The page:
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Excel add in development in C++ Aplications in finance - Dalton S.

Dalton S. Excel add in development in C++ Aplications in finance - Wiley publishing , 2005. - 425 p.
ISBN 0-470-02469-0
Download (direct link): exceladdindevelopmentincand2005.pdf
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DLL names
Excel names that are defined as internal to a DLL (see function xlfSetName below for details) cannot be accessed directly in worksheet formulae, unlike worksheet names. They can only be accessed by the C API functions xlfSetName and xlfGetDef in the DLL.
How Excel resolves worksheet and DLL names
The steps Excel takes when interpreting a reference in a worksheet (such as Name) are:
1. Look for a definition of the name on the current worksheet.
2. If not found, look for a definition in the current workbook.
3. If still not found, return a #NAME? error.
If the name is referred to as Sheet1!Name then Excel looks for the name in the specified sheet in the current workbook and returns #REF! if the sheet does not exist or #NAME? if the name is not defined there.
If the name is referred to as [Book1.xls]Sheet1!Name then Excel looks for the name in the specified sheet in the specified workbook and returns #REF! if the workbook is not open or the sheet does not exist, or returns #NAME? if the name is not defined. If the workbook is closed, the full path name is required as follows (Excel will prompt for the worksheet name on a closed workbook, if omitted.):
='C:\Example Folder\[Book1.xls]Sheet1' iName
When accessing a worksheet named range from within the DLL using the xlfGetName function (see below), the name must be prefixed by ‘! ’ unless the worksheet name is specified. Otherwise Excel will look for the given name in a hidden name-space that is only accessible by DLLs running in this instance of Excel. (See DLL Names above.)
Accessing Excel Functionality Using the C API
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8.10.2 Basic operations with Excel names
There are a number of things you might want to do with names. These operations, and the functions that you would use to execute them, are summarised here:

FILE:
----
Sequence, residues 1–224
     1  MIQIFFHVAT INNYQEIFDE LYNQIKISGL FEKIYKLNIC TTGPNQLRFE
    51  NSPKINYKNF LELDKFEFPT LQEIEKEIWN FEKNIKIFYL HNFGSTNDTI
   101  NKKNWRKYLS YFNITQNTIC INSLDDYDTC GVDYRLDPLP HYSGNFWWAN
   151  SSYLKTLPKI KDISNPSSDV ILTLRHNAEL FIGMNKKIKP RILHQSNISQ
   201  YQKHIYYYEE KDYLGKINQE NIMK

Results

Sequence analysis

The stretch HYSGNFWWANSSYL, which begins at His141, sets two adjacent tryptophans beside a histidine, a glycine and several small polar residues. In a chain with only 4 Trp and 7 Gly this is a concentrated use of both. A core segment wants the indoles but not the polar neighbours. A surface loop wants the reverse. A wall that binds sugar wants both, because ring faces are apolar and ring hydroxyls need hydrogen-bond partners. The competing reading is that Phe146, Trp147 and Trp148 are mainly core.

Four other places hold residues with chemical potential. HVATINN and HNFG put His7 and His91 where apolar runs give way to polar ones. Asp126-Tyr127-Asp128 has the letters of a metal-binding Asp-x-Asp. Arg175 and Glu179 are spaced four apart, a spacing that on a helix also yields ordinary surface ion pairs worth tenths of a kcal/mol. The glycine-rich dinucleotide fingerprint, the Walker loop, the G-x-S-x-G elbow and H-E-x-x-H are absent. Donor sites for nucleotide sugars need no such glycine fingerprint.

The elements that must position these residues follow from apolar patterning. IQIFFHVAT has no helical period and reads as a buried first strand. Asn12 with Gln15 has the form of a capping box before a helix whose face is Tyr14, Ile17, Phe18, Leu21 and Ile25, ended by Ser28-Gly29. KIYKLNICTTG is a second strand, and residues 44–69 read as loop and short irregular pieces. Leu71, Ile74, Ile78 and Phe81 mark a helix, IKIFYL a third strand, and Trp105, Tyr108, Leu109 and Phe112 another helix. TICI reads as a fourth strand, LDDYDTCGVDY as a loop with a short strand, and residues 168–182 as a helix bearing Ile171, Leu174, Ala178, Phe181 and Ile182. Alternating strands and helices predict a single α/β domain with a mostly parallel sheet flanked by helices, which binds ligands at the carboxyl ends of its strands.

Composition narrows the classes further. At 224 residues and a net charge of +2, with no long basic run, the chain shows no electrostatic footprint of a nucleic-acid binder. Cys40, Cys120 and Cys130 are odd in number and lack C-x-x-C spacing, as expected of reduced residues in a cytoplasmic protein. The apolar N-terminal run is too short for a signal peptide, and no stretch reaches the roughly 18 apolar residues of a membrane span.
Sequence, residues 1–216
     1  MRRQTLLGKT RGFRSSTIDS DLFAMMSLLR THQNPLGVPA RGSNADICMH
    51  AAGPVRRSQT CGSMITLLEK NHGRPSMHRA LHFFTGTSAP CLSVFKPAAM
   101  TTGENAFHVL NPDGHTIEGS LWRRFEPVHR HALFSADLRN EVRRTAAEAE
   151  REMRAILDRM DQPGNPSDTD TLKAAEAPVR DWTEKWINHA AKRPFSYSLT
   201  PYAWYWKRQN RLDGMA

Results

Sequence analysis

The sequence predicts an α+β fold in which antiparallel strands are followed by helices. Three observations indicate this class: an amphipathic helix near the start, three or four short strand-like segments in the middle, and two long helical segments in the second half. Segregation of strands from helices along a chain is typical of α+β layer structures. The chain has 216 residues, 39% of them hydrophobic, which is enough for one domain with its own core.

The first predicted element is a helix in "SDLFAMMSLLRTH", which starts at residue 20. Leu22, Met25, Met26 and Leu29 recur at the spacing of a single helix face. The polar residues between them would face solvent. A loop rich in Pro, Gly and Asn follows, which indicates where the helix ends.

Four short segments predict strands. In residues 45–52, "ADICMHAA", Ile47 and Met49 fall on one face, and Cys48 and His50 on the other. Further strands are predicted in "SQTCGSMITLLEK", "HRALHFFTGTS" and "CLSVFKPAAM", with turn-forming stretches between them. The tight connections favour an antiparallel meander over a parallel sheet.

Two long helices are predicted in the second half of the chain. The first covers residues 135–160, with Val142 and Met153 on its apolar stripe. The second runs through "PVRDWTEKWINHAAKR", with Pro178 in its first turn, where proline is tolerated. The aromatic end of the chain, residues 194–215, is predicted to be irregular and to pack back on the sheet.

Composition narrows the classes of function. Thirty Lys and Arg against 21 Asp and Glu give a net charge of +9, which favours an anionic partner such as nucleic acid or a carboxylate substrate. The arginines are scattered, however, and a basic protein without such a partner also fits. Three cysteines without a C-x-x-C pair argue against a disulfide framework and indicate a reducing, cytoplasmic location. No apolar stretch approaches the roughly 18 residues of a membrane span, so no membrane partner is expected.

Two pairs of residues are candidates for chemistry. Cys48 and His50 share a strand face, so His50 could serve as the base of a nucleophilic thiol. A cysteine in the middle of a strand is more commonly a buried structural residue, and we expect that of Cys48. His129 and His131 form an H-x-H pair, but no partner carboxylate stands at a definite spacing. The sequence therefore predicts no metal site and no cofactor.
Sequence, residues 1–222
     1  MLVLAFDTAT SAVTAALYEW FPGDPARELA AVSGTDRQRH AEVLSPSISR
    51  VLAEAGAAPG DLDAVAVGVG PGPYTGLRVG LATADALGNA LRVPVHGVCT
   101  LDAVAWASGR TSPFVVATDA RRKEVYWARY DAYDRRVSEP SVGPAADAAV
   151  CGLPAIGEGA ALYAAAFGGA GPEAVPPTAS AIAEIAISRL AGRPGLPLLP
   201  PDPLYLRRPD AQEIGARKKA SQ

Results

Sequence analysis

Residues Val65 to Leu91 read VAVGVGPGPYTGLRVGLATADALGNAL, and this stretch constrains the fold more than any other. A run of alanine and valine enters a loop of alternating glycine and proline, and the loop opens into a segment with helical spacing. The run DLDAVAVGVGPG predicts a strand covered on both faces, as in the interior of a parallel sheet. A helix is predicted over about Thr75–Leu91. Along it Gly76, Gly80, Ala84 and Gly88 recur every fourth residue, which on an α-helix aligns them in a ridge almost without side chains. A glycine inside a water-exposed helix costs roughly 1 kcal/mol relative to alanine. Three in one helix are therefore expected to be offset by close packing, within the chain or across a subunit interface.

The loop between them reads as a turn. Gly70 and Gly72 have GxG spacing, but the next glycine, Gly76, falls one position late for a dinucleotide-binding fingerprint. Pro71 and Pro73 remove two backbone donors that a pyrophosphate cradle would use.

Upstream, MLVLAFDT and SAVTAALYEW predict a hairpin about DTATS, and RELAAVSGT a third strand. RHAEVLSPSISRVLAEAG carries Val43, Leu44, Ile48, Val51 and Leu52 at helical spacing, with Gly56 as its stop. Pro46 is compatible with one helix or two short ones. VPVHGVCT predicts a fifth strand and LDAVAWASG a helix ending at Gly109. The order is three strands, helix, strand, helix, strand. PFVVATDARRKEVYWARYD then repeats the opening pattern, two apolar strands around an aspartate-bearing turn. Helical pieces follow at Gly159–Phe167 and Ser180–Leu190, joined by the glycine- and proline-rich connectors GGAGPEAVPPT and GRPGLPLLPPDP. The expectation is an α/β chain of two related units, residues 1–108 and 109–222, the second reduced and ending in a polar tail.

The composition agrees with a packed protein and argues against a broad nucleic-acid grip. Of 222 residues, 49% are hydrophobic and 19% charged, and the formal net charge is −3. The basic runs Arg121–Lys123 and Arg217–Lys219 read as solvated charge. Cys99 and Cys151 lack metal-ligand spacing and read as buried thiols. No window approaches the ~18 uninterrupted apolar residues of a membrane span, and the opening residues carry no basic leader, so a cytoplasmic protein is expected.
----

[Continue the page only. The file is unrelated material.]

• Find out if a given name is defined and, if so, what its definition is (xlfGetName, not to be confused with xlGetName which returns the name of the DLL).
• Given a reference or value, find out the corresponding defined name if it exists (xlfGetDef).
• Create, define or redefine a name on a worksheet (xlcDefineName).
• Delete a defined name from a given worksheet (xlcDeleteName).
• Create, define or redefine a name in the DLL-space (xlfSetName).
• Delete a defined name from the DLL-space (xlfSetName).
• Get the value(s) corresponding to the defined name (xlfEvaluate).
• Set the value of cells in a given named range (xlfGetName and xlSet).
• Get a list of all defined worksheet names. (xlfNames).
All of these basic operations, except for the last, have been encapsulated in the xlName class in section 9.7. The class also provides simple member functions that inform the caller whether the name is defined and, if so, whether the range reference is still valid.
It is important to remember that Excel names can be valid in the sense that they are defined, but at the same time have invalid range definitions. This can come about when a named cell is deleted by a row or column deletion, a sheet deletion or as a result of a cell cut and paste.
8.10.3 Defining a name on a worksheet: xlcDefineName
Overview: Defines a name on a worksheet. The name can represent a
constant value (which can be a number, Boolean value or string but not an error value), an array of constant values or a reference to one or more cells.
The function performs the same operation as if the user had selected the menu option Insert/Name/Define... and will, in fact, display the dialog box if used in conjunction with the xlPrompt bit.
Enumeration value: 32829 (x803d)
Callable from: Commands only.
Return type: Boolean or error.
Arguments: 1: Name: A string satisfying the rules in section 8.10.
2: Definition: (Optional.) One of the following:
• A formula (as text using R1C1 style references)
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Excel Add-in Development in C/C++
• A constant (as an xloper of that type or as text with or without a leading =)
• An array of values. (See note below.)
If Definition is omitted, the function defines the name as referring to the currently selected cell(s) on the active worksheet.
Note: There are two ways to specify a literal definition for a name that you wish to define as a constant. For example, a literal array can be passed as a string of the form "={1,2;3,4| ", or as an xloper of type xltypeMulti. The following example commands are equivalent and demonstrate this. Both create a name on the active sheet, so that the formula =SUM(XLL_test_name), if entered anywhere in the active workbook, would return 45.
int stdcall define_name_example_1(void)
{
cpp_xloper Name("XLL_test_name");
cpp_xloper Definition("={l,2,3;4,5,6;7,8,9}");
Excel4(xlcDefineName, 0, 2, &Name, ^Definition); return 1;
}
int stdcall define_name_example_2(void)
{
double array[9] = {1,2,3,4,5,6,7,8,9}; cpp_xloper Name("XLL_test_name"); cpp_xloper Definition(array, 3, 3);
Excel4(xlcDefineName, 0, 2, &Name, ^Definition); return 1;
}
8.10.4 Defining and deleting a name in the DLL: xlfSetName
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